The Democratic Party’s worst problem raised its ugly head once again during its mishandling of the Rep. John Conyers saga.

House Minority Leader Nancy Pelosi appeared on television a week ago Sunday and called for calm and due process for Conyers, the dean of Congress, while the House completed an ethics probe.

She seemed to question the credibility of some women accusing him of sexual harassment, saying she didn’t know them and that it was up to the House Ethics Committee to judge them. She called Conyers an icon who had earned due process.

Meanwhile, behind closed doors, negotiations with Conyers and his family had been nearing a compromise, according to sources familiar with the process: That he would enter the hospital, step down for health reasons — and hopefully, take the Conyers story off the front pages of the nation’s newspapers.

Conyers announced on the radio Tuesday that he would retire, ending a 53-year career and endorsing his son, John Conyers III, to run for his seat.

Rep. Conyers could protect his legacy, leaving at least two House Dems jockeying to replace him as ranking member of the Senate Judiciary Committee. (By the way, no one campaigning for a committee seat on the backs of alleged sexual assault victims should get it.)

But sadly, all hell broke loose. Pelosi was skewered for her remarks, so she did an abrupt about-face and called on Conyers to resign. And some Democrats — and Republicans — piled on.

Four members of the Michigan delegation — Democratic Reps. Dan Kildee of Flint, Debbie Dingell of Dearborn, Sandy Levin of Royal Oak and Republican Rep. Bill Huizenga of Zeeland — were among them.

“Zero tolerance means consequences for everyone,” Pelosi said. “No matter how great, the legacy is no license to harass or discriminate.”

No one ever said it was, Nancy. And the problem she ignored in her 180-degree spin was that Conyers has not admitted to wrongdoing. But you know who has?

Democratic Sen. Al Franken. And President Donald Trump.

And while Franken has apologized numerous times — and Trump did once — Pelosi has called on neither to resign.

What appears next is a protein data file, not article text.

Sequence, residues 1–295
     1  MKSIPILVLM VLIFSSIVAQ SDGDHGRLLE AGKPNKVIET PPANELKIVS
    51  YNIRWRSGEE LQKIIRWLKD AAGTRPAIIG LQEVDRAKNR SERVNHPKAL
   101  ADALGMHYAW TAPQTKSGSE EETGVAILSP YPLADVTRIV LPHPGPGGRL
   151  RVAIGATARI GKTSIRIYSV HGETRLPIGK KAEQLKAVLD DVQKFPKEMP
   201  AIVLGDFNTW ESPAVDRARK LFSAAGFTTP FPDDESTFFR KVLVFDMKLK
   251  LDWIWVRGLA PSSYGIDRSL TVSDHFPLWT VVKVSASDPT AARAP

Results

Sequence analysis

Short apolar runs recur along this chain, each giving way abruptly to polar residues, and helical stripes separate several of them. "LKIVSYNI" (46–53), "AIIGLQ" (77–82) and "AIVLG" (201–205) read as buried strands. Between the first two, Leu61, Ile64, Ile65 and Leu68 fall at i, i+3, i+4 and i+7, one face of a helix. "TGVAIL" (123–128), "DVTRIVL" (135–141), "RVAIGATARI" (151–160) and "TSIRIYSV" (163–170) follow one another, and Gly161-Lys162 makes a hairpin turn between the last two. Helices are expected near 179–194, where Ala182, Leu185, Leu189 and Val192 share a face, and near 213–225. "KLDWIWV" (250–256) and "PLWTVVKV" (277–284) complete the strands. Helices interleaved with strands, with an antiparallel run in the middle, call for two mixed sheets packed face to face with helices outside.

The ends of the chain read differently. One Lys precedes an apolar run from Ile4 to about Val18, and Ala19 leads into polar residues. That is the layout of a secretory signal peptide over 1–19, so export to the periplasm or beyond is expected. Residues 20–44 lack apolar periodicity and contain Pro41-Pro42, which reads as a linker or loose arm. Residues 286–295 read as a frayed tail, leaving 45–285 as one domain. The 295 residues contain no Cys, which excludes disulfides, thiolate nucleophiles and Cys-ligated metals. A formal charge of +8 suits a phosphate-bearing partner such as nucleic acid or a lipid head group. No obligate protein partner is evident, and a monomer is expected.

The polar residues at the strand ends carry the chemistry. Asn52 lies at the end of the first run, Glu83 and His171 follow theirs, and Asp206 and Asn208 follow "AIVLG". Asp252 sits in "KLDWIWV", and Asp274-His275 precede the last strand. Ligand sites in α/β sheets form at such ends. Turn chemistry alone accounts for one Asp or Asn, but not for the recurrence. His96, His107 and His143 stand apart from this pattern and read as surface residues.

So zero tolerance didn’t apply.

Pelosi, in an effort to govern by Instagram poll, missed an opportunity to show real leadership. She missed it again when Rep. Joe Crowley of New York, chairman of the House Democratic Caucus, became the highest-ranking Democrat to call for Franken’s resignation, and she remained silent.

When the spotlight turned to Texas Rep. Blake Farenthold, who used $84,000 in taxpayer funds to pay off a woman who accused him of sexual assault, Pelosi missed another opportunity to call for zero tolerance. She missed another one when she didn’t join Republican Rep. Barbara Comstock of Virginia in calling for the confidentiality agreement in the Farenthold case to be set aside so America could learn what happened.

But it is the Democratic Party that has the bigger problem — again — because it begs three questions:

Are the party, Pelosi, and Democratic leaders, treating the cases of Conyers and Franken differently because of race?

Where is Democratic resolve when it comes to Donald Trump and sexual harassment?

Is it time for Pelosi to step aside, making way for bolder, stronger leader rather than reactionary leadership?

If the Democratic Party thinks that people aren’t upset about this, it is not spending enough time talking with black and women voters, an apparent misstep that helped cost the party the presidential election last year.

And if the party thinks that black and female voters won’t remember this period during the 2018 and 2020 elections, they are wrong.

It will play. It will play big.

Don’t believe me? Just watch.

Rochelle Riley is a columnist for the Detroit Free Press. Email